Patricia D. Howard, the clerk for the panel, said the judges would not decide whether to transfer the Heather Estates case to the court in Pennsylvania until a hearing is scheduled to consider the opposing views of Clearfield and Residential Mortgage.

Earlier this week, the panel of judges transferred to Judge Huyett a lawsuit that had been brought against Matthews & Wright by a bond fund, Eaton Vance National Municipals, and the trustee for a bond fund, United States Trust Company of New York, that had purchased $4.5 million of Marsh Oaks multifamily housing bonds sold for the Duval County, Fla., Housing Finance Authority on Dec. 31, 1985.

The suit charges that parties to the Marsh Oaks deal violated securities laws, committed fraud, and breached their fiduciary duties. It alleges that "the bonds have plummeted in value and have become unmarketable" since the IRS began investigating the issue late last year.

Lawyers representing the bond funds, however, said recently that Eaton Vance has withdrawn from the case because it was able to sell its Marsh Oaks bonds. The panel of judges was unaware of the withdrawal, Ms. Howard said.

Other bond cases against Matthews & Wright pending before the court in Pennsylvania are:

* Four class action suits brought in 1987 and 1988 by lawyers with the firm of Greenfield & Chimicles on behalf of investors of bonds issued for projects in Chester, East St. Louis, and Guam.

* A class action suit brought in 1987 by Barry Wolfson on behalf of investors in East St. Louis bonds sold to finance a port in 1986. Mr. Wolfson is still facing civil charges in a suit filed by the Arizona attorney general over his role as bond counsel in three deals done for industrial development authorities in Arizona that the IRS determined violated tax laws. That suit is pending in the State Superior Court in Maricopa County.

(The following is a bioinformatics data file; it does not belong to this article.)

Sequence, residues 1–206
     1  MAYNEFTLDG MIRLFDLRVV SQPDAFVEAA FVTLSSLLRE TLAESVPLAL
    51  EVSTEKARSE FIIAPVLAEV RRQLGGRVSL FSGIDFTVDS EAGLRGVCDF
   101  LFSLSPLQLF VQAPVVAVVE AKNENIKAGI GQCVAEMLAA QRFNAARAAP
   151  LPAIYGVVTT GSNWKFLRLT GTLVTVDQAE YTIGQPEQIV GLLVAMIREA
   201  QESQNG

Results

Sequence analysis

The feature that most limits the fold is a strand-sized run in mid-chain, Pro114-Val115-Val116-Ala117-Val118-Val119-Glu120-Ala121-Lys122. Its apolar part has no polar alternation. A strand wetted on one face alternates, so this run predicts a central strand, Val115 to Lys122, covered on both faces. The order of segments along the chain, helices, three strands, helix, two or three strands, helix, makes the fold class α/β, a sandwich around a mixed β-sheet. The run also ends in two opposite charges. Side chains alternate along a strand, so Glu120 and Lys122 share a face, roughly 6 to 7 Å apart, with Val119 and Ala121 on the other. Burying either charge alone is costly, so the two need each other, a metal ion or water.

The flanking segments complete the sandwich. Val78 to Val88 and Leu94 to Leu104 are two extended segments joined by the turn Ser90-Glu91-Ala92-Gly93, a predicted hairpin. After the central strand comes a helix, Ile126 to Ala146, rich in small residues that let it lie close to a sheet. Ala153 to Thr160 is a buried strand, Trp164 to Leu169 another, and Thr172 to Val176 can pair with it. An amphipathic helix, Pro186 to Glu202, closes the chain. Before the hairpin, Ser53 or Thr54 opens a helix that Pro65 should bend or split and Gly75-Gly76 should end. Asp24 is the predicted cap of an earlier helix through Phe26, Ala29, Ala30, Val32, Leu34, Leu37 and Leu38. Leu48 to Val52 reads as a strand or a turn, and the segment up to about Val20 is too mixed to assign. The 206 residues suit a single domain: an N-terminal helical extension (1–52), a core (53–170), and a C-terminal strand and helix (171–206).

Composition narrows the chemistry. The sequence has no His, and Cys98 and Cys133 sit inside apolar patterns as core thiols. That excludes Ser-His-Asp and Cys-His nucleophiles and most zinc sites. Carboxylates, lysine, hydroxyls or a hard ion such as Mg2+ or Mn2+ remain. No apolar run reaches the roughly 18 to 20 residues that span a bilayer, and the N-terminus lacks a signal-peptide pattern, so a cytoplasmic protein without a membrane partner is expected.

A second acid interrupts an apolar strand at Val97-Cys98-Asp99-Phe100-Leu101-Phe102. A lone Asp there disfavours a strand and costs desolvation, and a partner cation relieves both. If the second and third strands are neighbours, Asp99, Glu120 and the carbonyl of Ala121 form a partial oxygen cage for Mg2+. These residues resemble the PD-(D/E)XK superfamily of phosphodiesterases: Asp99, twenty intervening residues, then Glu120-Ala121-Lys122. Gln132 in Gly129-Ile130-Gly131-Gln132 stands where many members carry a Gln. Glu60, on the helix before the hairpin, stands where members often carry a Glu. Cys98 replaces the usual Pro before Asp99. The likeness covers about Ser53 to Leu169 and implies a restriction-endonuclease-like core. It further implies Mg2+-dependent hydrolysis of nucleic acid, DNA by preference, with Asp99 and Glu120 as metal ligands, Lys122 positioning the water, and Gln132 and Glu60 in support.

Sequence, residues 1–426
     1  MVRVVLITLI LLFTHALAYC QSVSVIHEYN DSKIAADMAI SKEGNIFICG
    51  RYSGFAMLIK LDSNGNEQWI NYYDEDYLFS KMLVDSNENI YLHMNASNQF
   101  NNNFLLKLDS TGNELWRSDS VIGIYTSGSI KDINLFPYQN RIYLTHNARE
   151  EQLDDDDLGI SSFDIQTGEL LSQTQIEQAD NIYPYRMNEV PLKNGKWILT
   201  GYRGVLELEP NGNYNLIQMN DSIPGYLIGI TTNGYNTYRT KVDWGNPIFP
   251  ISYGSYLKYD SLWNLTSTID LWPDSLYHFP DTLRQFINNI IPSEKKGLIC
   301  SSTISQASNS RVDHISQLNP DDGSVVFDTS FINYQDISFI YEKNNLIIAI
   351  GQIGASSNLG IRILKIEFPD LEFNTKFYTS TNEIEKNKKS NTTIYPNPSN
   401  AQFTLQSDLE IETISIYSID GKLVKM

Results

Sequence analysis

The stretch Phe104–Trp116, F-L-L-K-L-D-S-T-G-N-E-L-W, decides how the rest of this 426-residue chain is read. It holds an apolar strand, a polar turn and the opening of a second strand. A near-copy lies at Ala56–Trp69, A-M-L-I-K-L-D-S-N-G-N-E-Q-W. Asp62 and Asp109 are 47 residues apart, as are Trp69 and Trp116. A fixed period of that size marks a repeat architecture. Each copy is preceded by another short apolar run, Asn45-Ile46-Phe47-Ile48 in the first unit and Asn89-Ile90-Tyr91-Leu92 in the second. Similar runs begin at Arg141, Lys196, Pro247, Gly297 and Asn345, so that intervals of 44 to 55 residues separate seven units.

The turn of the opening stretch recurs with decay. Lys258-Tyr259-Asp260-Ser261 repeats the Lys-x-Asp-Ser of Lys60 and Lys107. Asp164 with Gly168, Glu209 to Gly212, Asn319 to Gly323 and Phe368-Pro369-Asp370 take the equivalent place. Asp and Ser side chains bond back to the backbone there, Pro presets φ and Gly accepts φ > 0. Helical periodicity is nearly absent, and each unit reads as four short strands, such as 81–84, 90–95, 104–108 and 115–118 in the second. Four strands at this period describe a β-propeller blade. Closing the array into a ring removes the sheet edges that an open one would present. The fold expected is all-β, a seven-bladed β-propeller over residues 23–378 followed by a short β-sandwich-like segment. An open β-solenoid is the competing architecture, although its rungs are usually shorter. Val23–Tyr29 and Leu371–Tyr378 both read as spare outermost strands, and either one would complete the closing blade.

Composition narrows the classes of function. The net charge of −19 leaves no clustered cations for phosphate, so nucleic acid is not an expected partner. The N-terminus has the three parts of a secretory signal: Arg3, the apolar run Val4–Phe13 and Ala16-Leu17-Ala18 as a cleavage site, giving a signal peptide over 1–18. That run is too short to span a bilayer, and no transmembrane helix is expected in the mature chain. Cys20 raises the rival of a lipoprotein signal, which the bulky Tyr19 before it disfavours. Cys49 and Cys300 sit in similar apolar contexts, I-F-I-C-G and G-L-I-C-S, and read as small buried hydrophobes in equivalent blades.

* Another class action suit brought in 1987 by lawyers with the Stolar Partnership in St. Louis on behalf of investors who purchased Apple Creek IV bonds sold for the Industrial Development Authority of St. Louis County in 1985. That suit was filed against Mark Twain Bank, the trustee bank for the issue, as well as Matthews & Wright and other parties.

These lawsuits all charge Matthews & Wright and other participants in the bond deals with securities law violations, fraud, and racketeering. They all claim that material facts about the bond issues were misrepresented or omitted and that, had they been known, investors might not have bought the bonds.

Judge Huyett put the cases on hold until the IRS takes any action that would adversely affect the investors. The IRS has declared the Chester and East St. Louis bonds taxable, but there are no reports yet of bondholders being taxed. Lawyers with Greenfield & Chimicles have asked the judge to lift the stay on cases involving these bonds.

Subscribe Now

Access to authoritative analysis and perspective and our data-driven report series.

14-Day Free Trial

No credit card required. Complete access to articles, breaking news and industry data.